According to an official Memorandum Opinion that was filed two weeks ago, Bitcoin is a form of money in District of Columbia under the Money Transmitters Act.
The defendant, Larry Dean Harmon operated a coin-mixing platform (tumbler) called “Helix” from 2014 to 2017. Allegedly, he managed to scramble more than 354,468 BTC for different marketplaces, including the AlphaBay darknet.
He was indicted for executing schemes related to money laundering and further charged for being an unlicensed money transmitter. Harmon had attempted to dismiss charges by arguing that Bitcoin is not money under the law.
The defendant was charged for managing a cryptocurrency mixing service
Larry Dean Harmon allegedly operated a Bitcoin tumbler platform called Helix on the dark net to obscure data related to Bitcoin transactions. Ultimately, the platform made traceability of activity and transactions very difficult.
Washington D.C. courts charged Harmon in three counts – conspiracy to money laundering, operating an unlicensed money transmitting business and engaging in money exchange business without holding a license.
Conspiracy to money laundering
Count One charges that, from 2014 until about 2017, the defendant conspired with others, including the administrator of AlphaBay, to execute financial transactions – namely, “the sending and receiving of bitcoin” – that he knew involved the proceeds of illegal drug activity, and that he knew were designed to “conceal and disguise the nature, the location, the source, the ownership, and the control of the proceeds of [the] unlawful activity.
The defendant and his co-conspirators were alleged to “to unlawfully enrich themselves by operating a bitcoin money laundering service which would conceal and promote illegal Darknet drug sales and other illegal activity.”
Operating unlicensed money transmitting business
Count Two charges that the defendant, when operating Helix, “knowingly conducted, controlled, managed, supervised, directed, and owned an unlicensed money transmitting business.” The law defines an “unlicensed money transmitting business” as “a money transmitting business which affects interstate or foreign commerce in any manner or degree and” and is illegal one of the following three ways:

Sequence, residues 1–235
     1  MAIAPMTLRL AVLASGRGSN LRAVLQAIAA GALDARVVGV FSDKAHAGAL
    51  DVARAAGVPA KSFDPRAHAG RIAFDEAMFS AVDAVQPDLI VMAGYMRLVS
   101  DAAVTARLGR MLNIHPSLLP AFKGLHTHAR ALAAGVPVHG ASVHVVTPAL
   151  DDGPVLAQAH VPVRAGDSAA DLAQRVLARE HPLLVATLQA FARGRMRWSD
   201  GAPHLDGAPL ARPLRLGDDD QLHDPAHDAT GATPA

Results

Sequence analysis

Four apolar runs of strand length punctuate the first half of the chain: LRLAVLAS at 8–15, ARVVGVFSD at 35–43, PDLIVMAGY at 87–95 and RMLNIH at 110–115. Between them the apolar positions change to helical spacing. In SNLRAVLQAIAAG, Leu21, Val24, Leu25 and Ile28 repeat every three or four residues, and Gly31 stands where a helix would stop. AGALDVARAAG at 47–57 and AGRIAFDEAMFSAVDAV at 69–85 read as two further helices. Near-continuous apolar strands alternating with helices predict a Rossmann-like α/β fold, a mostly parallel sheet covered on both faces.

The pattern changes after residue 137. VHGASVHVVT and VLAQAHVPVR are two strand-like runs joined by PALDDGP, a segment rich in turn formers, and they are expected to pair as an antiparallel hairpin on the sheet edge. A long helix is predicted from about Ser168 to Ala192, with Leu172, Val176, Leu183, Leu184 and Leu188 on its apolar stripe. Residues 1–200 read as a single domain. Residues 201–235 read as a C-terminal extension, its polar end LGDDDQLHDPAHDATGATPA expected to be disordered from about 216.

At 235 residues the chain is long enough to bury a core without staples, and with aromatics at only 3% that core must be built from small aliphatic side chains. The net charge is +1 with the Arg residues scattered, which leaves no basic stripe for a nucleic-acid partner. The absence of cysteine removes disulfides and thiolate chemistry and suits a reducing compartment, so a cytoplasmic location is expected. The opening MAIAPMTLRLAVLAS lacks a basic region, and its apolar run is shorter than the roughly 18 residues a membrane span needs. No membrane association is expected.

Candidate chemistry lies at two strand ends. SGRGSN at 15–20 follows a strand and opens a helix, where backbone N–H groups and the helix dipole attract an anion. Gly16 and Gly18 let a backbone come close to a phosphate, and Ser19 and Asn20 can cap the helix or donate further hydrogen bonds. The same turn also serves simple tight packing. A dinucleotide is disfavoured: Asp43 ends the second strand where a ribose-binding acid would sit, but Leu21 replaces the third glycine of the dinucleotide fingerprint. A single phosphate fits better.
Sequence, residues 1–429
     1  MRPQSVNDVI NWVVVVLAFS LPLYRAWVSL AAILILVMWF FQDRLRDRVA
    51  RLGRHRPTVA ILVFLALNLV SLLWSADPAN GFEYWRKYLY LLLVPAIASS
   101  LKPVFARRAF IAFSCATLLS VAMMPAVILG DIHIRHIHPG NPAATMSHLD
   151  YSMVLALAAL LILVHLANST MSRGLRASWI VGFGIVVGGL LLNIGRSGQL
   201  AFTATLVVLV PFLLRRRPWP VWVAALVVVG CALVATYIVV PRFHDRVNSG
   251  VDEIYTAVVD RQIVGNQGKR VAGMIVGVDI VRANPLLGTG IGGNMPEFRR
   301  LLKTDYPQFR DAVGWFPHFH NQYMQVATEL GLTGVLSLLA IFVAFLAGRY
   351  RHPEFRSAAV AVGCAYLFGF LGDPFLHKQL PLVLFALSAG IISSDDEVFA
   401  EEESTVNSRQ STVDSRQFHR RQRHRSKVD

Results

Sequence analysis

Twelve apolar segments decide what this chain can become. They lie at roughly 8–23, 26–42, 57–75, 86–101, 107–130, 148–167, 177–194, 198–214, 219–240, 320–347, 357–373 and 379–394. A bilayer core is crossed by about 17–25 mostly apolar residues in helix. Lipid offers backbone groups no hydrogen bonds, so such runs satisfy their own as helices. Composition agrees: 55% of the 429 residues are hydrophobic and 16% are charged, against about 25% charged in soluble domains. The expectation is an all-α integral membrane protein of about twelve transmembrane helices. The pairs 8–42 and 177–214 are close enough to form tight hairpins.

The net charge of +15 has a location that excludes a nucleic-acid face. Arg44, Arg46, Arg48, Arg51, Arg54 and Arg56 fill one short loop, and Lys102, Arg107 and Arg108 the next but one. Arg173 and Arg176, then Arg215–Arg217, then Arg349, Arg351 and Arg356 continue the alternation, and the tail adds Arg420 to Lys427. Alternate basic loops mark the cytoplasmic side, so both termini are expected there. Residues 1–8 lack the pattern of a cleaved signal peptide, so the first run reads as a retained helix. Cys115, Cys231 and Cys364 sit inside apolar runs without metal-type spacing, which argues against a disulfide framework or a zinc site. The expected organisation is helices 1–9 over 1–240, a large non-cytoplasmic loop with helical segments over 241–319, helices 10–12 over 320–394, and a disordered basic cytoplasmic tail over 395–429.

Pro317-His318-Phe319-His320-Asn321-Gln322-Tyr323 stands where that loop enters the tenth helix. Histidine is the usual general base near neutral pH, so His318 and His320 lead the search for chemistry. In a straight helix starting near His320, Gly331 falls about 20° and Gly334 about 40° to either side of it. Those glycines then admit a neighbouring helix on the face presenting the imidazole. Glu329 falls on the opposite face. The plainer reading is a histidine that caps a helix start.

(A) is operated without an appropriate money transmitting license in a State where such operation is punishable as a misdemeanor or a felony under State law, whether or not the defendant knew that the operation was required to be licensed or that the operation was so punishable;
(B) fails to comply with the money transmitting business registration requirements under section 5330 of title 31, United States Code, or regulations prescribed under such section; or
(C) otherwise involves the transportation or transmission of funds that are known to the defendant to have been derived from a criminal offense or are intended to be used to promote or support unlawful activity.
Failure to obtain a license as a money transmitter
Finally, Count Three charges that the defendant failed to obtain a money transmitter license in DC, while, through Helix, he was engaged in the business of money transmission, as that term is defined by the MTA.
The District’s MTA defines money transmission as “engaging in the business of receiving money for transmission or transmitting money within the United States, or to locations abroad, by any and all means, including but not limited to payment instrument, wire, facsimile, or electronic transfer.” (D.C. Code § 26-1001(10).
Running a money transmission business without a license violates D.C. Code § 26-1023(c), which provides that “any person who engages in the business of money transmission without a license as provided herein shall be guilty of a felony and, on conviction thereof, shall be fined not more than $25,000, or imprisoned for not more than 5 years, or both.”
Bitcoin and the Law
The court’s decision further establish Bitcoin as a currency. Companies operating in Bitcoin or other cryptocurrencies have to obtain money transmission licenses from US state authority. The Treasury Department has also stated that money laundering using crypto tumblers and mixers is subject to regulation. In a briefing in the White House, the Department said that: “Money transmitters of cryptocurrency must comply with the relevant Bank Secrecy Act obligations, known as BSA, and register with the Financial Crimes Enforcement Network, known as FinCEN.”